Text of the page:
The Submillimeter Wave Astronomy Satellite: Science objectives and instrument description

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The Submillimeter Wave Astronomy Satellite (SWAS), launched in 1998 December, is a NASA mission dedicated to the study of star formation through direct measurements of (1) molecular cloud composition and chemistry, (2) the cooling mechanisms that facilitate cloud collapse, and (3) the large-scale structure of the UV-illuminated cloud surfaces. To achieve these goals, SWAS is conducting pointed observations of dense [n(H2) > 103 cm-3] molecular clouds throughout our Galaxy in either the ground state or a low-lying transition of five astrophysically important species: H2O, H218O, O2, C I, and 13CO. By observing these lines SWAS is (1) testing long-standing theories that predict that these species are the dominant coolants of molecular clouds during the early stages of their collapse to form stars and planets and (2) supplying previously missing information about the abundance of key species central to the chemical models of dense interstellar gas. SWAS carries two independent Schottky barrier diode mixers—passively cooled to ~175 K—coupled to a 54 × 68 cm off-axis Cassegrain antenna with an aggregate surface error ~11 μm rms. During its baseline 3 yr mission, SWAS is observing giant and dark cloud cores with the goal of detecting or setting an upper limit on the water and molecular oxygen abundance of 3 × 10-6 (relative to H2). In addition, advantage is being taken of SWAS's relatively large beam size of 33 × 45 at 553 GHz and 35 × 50 at 490 GHz to obtain large-area (~1° × 1°) maps of giant and dark clouds in the 13CO and C I lines. With the use of a 1.4 GHz bandwidth acousto-optical spectrometer, SWAS has the ability to simultaneously observe either the H2O, O2, C I, and 13CO lines or the H218O, O2, and C I lines. All measurements are being conducted with a velocity resolution less than 1 km s-1.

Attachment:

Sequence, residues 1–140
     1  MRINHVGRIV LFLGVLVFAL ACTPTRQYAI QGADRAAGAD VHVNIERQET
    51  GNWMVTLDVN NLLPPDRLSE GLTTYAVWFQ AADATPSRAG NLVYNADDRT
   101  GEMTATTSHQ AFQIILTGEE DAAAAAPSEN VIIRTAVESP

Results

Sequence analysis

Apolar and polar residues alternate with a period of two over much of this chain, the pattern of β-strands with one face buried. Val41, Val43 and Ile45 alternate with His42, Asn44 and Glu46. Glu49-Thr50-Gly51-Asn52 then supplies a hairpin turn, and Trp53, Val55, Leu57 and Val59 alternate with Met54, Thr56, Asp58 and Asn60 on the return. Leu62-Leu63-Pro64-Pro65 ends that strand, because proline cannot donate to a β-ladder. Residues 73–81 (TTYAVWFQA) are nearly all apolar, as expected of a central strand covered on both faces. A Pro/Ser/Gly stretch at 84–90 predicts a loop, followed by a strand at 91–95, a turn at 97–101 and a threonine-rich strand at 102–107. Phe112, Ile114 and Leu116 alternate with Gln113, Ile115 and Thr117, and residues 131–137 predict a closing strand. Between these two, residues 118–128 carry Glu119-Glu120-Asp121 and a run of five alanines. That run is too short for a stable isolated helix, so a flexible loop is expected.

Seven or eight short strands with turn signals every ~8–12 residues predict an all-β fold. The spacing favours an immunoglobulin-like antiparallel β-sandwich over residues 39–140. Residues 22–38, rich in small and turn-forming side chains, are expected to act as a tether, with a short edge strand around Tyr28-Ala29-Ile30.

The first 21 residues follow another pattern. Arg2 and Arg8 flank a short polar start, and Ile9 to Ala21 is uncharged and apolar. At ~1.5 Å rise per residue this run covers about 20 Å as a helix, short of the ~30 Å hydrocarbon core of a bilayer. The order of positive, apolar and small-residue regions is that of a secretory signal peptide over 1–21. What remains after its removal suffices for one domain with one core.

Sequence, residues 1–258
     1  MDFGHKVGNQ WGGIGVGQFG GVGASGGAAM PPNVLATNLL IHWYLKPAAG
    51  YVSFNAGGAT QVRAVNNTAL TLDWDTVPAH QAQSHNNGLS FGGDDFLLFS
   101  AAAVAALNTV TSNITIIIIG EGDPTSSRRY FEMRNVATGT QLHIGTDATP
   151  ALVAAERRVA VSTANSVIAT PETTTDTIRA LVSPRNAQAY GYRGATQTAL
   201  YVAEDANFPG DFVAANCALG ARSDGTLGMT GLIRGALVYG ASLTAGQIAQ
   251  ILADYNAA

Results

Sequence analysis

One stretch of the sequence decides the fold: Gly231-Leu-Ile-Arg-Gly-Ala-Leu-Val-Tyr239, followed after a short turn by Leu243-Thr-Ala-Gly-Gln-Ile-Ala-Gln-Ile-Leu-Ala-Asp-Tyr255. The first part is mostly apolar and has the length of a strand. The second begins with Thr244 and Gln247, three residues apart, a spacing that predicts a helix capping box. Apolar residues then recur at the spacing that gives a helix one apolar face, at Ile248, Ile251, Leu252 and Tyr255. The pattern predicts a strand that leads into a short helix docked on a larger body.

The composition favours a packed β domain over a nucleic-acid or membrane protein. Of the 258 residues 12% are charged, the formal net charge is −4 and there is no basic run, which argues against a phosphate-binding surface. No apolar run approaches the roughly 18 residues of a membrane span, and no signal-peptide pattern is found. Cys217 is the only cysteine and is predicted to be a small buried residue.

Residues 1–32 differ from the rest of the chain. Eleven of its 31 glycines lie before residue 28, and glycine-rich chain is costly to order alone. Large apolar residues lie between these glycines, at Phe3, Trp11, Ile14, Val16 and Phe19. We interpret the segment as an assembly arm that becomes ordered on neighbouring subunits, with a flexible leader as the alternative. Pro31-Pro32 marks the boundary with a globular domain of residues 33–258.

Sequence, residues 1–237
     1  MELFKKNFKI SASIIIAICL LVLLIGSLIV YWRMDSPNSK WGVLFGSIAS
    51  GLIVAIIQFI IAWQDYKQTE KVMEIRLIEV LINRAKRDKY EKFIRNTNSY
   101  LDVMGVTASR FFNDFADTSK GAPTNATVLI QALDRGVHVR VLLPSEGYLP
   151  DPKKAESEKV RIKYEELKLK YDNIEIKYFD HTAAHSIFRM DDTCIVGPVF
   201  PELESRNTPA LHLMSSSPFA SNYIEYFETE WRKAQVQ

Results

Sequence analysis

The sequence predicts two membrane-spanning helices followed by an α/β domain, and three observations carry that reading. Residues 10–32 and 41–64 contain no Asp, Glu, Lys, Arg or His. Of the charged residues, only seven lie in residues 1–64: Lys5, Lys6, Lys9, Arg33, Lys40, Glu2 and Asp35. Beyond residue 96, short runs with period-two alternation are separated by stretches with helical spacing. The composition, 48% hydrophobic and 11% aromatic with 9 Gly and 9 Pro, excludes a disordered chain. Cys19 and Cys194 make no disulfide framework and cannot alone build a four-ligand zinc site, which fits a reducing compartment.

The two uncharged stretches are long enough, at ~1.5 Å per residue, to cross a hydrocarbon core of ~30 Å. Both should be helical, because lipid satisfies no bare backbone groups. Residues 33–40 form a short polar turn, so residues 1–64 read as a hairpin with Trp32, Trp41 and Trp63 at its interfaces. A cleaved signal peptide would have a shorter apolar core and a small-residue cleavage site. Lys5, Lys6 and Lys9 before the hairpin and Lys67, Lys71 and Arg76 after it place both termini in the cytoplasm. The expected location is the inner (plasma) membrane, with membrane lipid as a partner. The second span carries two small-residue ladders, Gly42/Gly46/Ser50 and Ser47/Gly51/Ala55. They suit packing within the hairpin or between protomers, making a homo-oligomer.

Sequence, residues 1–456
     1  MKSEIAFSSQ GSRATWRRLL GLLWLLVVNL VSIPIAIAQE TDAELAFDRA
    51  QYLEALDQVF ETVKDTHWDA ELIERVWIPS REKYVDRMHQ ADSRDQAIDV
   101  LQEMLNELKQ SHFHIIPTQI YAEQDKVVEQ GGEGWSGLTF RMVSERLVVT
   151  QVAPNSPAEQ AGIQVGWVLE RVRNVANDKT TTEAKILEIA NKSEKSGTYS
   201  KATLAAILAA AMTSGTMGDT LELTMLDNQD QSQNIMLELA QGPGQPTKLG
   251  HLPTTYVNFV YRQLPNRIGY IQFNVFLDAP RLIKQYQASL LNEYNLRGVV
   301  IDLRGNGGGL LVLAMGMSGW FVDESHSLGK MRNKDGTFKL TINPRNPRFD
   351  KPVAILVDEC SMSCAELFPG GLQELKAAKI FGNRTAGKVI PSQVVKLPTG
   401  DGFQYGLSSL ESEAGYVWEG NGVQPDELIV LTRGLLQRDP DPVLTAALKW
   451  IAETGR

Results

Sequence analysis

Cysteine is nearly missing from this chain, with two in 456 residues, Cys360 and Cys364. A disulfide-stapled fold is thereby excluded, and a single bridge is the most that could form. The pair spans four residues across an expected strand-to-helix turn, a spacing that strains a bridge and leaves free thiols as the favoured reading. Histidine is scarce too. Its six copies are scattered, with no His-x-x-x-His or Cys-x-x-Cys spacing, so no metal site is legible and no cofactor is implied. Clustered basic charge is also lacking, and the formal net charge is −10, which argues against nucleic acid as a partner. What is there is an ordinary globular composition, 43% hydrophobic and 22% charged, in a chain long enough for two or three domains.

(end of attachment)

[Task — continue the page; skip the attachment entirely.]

The published version is located at http://iopscience.iop.org/1538-4357/539/2/L77









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